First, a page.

A greater risk of older-onset IBD (inflammatory bowel disease) was found in antibiotics that target gastrointestinal infections. This was confirmed by a population-based study conducted in Denmark.
In the analysis of over 2 million adults ages 60 and over, use of any antibiotic was associated with a 64% higher risk for developing IBD (incidence rate ratio [IRR] 1. 64, 95% CI 1.58-1. 71), reported Adam Faye, MD, of the NYU Grossman School of Medicine in New York City.
The highest risk was observed in the first to second year following an antibiotic prescription (IRR 1). 87, 95% CI 1.79-1. 94), however, the risk persisted at 2-5 years (IRR 1. 42, 95% CI 1.36-1. 48), according to his presentation at a press briefing ahead of the Digestive Disease Week meeting, held virtually and in San Diego this year.
“Inflammatory stool disease is often overlooked by older adults due to the many diagnoses that are available,” stated Faye. It is important to consider this, especially if a patient has reported that they have received multiple courses of antibiotics in the last few years. “
IBD risk increased from 27% after a single course of antibiotics in the past 5 years (IRR 1. 27, 95% CI 1.21-1. 33) to 135% with five or more courses (IRR 2. 35, 95% CI 2.24-2. 47), the study found.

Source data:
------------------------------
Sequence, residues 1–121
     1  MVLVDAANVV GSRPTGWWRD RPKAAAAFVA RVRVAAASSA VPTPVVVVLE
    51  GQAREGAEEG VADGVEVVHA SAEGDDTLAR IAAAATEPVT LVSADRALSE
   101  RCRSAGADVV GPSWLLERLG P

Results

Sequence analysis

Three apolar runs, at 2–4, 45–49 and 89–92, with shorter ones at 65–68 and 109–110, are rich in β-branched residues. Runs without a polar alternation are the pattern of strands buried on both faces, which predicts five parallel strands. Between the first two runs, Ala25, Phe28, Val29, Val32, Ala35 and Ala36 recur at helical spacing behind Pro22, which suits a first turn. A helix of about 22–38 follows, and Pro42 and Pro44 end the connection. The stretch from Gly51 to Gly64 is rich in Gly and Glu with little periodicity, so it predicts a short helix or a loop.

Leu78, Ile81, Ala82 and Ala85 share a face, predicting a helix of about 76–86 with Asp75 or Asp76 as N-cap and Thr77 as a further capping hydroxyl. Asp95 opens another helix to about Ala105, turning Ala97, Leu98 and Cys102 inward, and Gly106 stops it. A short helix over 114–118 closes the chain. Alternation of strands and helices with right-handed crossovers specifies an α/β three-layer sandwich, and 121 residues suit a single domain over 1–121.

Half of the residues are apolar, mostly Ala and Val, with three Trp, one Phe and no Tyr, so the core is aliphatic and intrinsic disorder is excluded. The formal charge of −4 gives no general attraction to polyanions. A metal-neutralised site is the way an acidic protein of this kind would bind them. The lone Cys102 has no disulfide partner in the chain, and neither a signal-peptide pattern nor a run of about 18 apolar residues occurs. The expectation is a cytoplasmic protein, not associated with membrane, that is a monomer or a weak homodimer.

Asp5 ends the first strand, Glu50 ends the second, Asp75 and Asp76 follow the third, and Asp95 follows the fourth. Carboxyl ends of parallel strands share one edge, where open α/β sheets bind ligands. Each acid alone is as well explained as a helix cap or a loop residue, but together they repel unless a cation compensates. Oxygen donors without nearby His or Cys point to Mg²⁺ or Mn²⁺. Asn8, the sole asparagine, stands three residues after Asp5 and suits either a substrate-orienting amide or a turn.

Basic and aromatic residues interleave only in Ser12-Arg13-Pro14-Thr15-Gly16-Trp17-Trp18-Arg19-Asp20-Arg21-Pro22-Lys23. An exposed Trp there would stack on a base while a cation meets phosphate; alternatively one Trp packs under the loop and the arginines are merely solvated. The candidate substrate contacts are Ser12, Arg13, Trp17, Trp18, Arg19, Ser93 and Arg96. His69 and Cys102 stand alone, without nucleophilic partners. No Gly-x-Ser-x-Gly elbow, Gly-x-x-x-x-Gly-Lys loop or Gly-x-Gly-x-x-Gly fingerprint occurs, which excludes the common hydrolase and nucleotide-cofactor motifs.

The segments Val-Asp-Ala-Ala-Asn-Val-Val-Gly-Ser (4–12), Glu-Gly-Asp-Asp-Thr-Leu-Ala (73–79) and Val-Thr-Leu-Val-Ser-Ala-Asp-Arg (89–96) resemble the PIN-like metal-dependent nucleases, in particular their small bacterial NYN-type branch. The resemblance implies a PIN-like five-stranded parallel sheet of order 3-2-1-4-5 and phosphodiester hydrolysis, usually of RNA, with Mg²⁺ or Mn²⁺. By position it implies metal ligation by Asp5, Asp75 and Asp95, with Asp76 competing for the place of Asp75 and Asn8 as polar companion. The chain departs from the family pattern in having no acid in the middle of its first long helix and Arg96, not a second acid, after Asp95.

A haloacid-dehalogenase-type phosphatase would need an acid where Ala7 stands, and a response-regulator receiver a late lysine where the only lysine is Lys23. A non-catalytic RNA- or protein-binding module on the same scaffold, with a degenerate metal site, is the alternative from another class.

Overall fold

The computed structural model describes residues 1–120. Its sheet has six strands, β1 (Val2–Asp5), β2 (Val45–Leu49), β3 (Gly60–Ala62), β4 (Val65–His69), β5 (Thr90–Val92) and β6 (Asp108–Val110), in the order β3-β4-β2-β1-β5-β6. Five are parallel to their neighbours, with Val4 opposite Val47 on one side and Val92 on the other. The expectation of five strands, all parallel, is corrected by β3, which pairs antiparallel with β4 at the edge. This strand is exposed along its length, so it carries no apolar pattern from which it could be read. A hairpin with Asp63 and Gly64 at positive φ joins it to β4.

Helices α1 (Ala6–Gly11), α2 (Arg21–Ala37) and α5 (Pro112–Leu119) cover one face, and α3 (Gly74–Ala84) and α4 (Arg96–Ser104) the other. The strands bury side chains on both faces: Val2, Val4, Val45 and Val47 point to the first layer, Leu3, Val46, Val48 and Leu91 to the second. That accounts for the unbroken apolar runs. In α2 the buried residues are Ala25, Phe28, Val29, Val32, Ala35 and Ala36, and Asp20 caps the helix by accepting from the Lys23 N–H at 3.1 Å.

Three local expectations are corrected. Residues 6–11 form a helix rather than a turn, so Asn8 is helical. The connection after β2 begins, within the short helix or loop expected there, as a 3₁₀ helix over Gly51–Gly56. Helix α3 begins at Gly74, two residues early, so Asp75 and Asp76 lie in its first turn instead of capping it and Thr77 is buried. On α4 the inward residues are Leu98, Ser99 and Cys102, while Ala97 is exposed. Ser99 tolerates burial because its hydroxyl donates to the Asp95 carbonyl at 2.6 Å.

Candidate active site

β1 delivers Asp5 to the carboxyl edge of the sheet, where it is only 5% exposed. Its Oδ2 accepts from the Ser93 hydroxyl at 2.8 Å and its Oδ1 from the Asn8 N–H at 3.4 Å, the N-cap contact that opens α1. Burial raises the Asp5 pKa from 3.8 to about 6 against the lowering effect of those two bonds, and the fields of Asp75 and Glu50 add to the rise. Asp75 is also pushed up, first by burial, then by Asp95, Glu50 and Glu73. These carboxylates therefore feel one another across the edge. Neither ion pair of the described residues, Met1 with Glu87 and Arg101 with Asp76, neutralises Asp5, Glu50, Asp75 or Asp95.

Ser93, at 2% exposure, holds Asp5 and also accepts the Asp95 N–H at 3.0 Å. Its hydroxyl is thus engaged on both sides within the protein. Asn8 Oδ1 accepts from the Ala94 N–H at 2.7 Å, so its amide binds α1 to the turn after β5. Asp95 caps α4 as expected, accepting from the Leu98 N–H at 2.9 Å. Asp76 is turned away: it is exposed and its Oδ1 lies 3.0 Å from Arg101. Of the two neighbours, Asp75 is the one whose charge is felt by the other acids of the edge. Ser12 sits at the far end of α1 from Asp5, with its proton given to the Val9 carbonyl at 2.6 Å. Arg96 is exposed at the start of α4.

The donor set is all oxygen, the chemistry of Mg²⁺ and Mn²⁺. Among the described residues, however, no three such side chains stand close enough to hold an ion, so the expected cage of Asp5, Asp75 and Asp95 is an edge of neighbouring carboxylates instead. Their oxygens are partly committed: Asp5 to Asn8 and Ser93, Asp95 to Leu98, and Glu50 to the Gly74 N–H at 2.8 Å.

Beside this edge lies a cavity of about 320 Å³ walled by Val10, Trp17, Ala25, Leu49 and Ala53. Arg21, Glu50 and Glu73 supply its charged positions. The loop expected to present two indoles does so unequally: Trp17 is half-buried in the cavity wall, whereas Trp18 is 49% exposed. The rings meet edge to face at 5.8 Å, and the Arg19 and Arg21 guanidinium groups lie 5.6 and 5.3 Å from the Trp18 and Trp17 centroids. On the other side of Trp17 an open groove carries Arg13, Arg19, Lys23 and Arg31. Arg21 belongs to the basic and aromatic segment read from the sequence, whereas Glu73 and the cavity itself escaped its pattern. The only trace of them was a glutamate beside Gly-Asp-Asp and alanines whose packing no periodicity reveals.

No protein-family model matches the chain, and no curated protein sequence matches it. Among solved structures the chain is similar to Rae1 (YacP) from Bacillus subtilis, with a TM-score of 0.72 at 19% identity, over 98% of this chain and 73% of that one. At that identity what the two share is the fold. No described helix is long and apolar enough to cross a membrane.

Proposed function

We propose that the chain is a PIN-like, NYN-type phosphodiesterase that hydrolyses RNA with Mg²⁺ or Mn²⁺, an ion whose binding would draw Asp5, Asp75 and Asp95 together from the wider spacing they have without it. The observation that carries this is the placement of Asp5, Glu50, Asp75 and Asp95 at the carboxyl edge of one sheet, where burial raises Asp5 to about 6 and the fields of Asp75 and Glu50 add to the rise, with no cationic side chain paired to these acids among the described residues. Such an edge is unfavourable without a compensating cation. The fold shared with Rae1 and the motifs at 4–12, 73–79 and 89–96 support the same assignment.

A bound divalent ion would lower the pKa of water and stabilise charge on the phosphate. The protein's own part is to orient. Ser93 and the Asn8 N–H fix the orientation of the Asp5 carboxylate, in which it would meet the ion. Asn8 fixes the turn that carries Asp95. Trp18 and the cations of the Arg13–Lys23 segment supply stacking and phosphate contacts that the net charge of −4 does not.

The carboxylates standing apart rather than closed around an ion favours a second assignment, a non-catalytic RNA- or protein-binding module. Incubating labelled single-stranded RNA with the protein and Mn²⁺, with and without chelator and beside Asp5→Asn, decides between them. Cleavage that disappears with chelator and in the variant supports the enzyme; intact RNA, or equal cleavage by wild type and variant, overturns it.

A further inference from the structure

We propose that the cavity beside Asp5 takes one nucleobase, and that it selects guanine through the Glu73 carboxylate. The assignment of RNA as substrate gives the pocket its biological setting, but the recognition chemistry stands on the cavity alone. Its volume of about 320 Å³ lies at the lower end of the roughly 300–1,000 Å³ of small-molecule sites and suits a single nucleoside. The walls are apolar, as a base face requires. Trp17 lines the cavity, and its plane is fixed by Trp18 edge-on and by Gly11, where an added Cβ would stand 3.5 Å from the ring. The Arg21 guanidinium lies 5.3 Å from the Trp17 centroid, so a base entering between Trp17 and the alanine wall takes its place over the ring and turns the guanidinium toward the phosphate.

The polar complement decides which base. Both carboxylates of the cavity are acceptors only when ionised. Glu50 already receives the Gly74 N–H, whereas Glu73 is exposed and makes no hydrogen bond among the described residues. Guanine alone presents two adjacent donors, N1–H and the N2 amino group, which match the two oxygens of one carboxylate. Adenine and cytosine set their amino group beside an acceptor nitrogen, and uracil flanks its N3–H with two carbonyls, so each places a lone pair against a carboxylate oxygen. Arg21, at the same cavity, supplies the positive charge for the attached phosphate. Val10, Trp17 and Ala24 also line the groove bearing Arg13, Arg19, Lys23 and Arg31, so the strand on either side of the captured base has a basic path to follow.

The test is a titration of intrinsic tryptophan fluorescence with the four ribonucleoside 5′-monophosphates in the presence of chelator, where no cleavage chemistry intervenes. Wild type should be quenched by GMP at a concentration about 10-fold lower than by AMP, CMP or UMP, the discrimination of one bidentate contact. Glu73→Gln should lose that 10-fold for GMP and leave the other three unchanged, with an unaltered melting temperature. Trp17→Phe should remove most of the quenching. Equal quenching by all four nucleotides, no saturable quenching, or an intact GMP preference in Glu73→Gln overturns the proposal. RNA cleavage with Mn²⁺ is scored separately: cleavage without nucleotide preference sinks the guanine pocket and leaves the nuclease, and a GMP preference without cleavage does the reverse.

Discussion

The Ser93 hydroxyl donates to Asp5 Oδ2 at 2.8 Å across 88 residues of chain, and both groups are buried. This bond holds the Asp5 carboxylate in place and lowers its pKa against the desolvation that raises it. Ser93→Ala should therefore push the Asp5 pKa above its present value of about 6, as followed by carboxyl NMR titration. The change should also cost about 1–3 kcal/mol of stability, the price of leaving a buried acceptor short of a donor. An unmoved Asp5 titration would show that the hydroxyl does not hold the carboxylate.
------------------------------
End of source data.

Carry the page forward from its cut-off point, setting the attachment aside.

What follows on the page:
Older patients are the fastest growing subpopulation of IBD, accounting for 15% of new cases, Faye said during his presentation, but this subset is less likely to have a family history of either ulcerative colitis or Crohn’s disease, raising the possibility of other factors playing a greater role.
The study found that the association was limited to antibiotics that target pathogens within the gastrointestinal tract. The highest risk was seen with fluoroquinolones, (IRR 2.). 27, 95% CI 2.08-2. 48), nitroimidazoles (IRR 2. 21, 95% CI 1.95-2. 50), and macrolides (IRR 1. 74, 95% CI 1.64-1.84).
“This stresses in our clinical practice the need to be judicious in the use of antibiotics, including [to] limit inappropriate use and overprescribing,” said Sandra El-Hachem, MD, of the Allegheny Center for Digestive Health in Pittsburgh, who was not involved in this stud